Suppose $X_1,X_2,\dots,X_n$ are independent each with exponential distribution with parameter $\lambda$ and $N$ has a Poisson distribution ($\lambda$) and is independent of $X_is$

a) Determine the moment generating function $S_N= X_1 + X_2+\dots+X_N$.

b) Use your answer in (a) to find mean of $S_N$.

c) Find the distribution $Y= \sum_{i=1}^n 2\lambda X_i$ identify the distribution of $Y$ by name and specify all parameter values.

I can only suspect this question has a lot to do with Gamma distribution's moment generating function. Need serious help on this kind of question, any help is really appreciated

  • $\begingroup$ en.wikipedia.org/wiki/Erlang_distribution $\endgroup$
    – Alex
    Aug 13, 2013 at 19:53
  • $\begingroup$ thanks! now i know what it looks like, but I still don't know how to get $S_N$. so you add $x_is$ and multiply it by poisson? that's the closest thing i can get.. $\endgroup$
    – Roy Wang
    Aug 13, 2013 at 20:56
  • $\begingroup$ For (a), do you mean $S_N=X_1+\ldots+X_N$? If so, I think you need to compute the conditional expectation $\mathbb{E}[e^{tS_N}|N=n]$. $\endgroup$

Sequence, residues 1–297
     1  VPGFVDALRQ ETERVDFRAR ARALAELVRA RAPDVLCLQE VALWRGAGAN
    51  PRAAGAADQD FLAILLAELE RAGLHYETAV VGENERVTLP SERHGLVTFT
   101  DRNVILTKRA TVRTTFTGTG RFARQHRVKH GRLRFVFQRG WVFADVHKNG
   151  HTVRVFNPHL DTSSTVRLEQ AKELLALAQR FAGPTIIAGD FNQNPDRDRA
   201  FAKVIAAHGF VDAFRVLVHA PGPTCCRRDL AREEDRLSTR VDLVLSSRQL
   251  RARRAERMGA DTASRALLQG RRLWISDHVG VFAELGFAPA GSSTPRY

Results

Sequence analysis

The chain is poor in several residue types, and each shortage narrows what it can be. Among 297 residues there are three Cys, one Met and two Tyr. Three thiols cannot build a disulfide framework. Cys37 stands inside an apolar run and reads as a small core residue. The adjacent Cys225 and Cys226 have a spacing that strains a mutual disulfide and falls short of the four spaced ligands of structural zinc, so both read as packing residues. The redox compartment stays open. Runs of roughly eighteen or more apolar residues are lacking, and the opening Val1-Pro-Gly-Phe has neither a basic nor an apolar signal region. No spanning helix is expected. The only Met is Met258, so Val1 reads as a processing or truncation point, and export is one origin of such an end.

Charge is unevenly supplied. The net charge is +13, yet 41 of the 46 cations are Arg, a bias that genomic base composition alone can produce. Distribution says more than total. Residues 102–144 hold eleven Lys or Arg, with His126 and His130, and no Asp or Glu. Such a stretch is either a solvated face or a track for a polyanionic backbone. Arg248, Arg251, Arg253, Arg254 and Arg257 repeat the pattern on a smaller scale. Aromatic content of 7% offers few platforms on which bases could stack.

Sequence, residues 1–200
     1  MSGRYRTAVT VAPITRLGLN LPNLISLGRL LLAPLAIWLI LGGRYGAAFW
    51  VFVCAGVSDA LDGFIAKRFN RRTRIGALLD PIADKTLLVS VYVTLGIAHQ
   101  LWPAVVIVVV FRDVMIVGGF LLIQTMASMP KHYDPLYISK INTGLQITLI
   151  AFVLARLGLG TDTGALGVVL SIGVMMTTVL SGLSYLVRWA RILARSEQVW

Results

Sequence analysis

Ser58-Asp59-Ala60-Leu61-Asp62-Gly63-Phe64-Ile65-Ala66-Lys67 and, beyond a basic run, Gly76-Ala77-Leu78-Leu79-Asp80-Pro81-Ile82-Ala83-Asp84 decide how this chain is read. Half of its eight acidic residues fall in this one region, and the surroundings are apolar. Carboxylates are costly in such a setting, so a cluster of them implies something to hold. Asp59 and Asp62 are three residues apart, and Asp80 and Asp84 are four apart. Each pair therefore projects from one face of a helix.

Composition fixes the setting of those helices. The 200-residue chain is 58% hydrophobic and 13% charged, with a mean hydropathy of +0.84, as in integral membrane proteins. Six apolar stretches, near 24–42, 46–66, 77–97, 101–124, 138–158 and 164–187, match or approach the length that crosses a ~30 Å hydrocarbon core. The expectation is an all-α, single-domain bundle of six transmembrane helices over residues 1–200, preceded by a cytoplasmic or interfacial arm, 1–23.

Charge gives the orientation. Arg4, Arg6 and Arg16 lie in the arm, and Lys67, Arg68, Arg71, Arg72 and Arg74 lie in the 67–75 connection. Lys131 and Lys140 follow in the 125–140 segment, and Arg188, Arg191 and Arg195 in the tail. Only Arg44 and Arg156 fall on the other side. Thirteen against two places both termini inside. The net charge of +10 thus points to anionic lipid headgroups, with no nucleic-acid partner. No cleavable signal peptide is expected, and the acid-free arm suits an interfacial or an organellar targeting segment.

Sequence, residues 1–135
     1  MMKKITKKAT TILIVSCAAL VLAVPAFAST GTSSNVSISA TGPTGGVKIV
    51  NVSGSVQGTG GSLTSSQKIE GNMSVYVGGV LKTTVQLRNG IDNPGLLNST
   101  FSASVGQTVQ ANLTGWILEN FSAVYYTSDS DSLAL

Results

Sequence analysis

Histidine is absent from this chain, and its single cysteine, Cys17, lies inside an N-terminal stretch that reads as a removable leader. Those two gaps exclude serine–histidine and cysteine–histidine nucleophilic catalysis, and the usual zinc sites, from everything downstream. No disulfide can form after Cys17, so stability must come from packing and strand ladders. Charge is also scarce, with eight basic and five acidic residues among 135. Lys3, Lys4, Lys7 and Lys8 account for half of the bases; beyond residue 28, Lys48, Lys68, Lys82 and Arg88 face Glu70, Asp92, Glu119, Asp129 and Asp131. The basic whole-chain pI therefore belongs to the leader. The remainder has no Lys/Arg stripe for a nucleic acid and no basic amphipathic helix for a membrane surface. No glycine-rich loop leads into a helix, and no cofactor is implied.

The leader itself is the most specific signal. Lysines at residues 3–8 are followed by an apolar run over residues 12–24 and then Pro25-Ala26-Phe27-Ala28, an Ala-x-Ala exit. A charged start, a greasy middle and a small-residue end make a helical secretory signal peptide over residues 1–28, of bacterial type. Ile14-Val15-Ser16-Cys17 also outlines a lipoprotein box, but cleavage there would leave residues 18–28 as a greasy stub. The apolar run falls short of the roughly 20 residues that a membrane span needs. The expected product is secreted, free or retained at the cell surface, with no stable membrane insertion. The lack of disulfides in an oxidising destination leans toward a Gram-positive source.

– eeeeeeeeee
    Aug 13, 2013 at 23:23

1 Answer 1


As pedrosuavo suggests, the key here is conditional expectation; and, more specifically, the formula $$\tag{1} \DeclareMathOperator{\E}{\mathbb{E}}\E\bigl[\E[e^{tS_N}\mid N]\bigr]=\E[e^{tS_N}]. $$ Conitioned on $N=n$, $S_N$ is distributed as $S_n$, so that $$ \E[e^{tS_N}\mid N=n]=\E[e^{tS_n}\mid N=n]=\E[e^{tS_n}], $$ since $S_n$ and $N$ are independent. But, since $X_1,\ldots,X_n$ are independent and identically distributed, we have $$ \E[e^{tS_n}]=\E[e^{tX_1}\cdots e^{tX_n}]=\prod_{i=1}^{n}\E[e^{tX_i}]=(\E[e^{tX_1}])^n $$ provided $n\geq 1$. This being the case, we know that $$ \E[e^{tX_1}]=\int_0^{\infty}\lambda e^{-\lambda x}e^{tx}\,dx. $$ Thus the function $t\mapsto \E[e^{tX_1}]$ has domain $t\in(-\infty,\lambda)$, and for such $t$ we have $\E[e^{tX_1}]=\frac{\lambda}{\lambda-t}$.

So, for $n\geq 1$, and $t<\lambda$, we have $$ \E[e^{tS_N}\mid N=n]=\left(\frac{\lambda}{\lambda-t}\right)^n. $$ What about when $n=0$? We have $S_0=0$, so that $\E[e^{tS_0}]=1=\left(\frac{\lambda}{\lambda-t}\right)^0$.

So, going back to the formula (1), we have that for $t<\lambda$, $$ \begin{align} \E[e^{tS_N}]&=\sum_{n=0}^{\infty}\E[e^{tS_N}\mid N=n]\cdot P(N=n)\\ &=\sum_{n=0}^{\infty}\left(\frac{\lambda}{\lambda-t}\right)^n\frac{e^{-\lambda}\lambda^n}{n!}\\ &=\exp\left[\frac{t\lambda}{\lambda-t}\right]. \end{align} $$ Based on this, we can compute $\E[S_N]$; if $\phi(x)$ is the MGF for $S_N$, then we know that $\E[S_N]=\phi'(0)=1$.

(Conveniently, this matches our heuristic idea that $\E[S_N]$ should be something like $\E[N]\cdot\E[X_i]=\lambda\cdot\lambda^{-1}$.)


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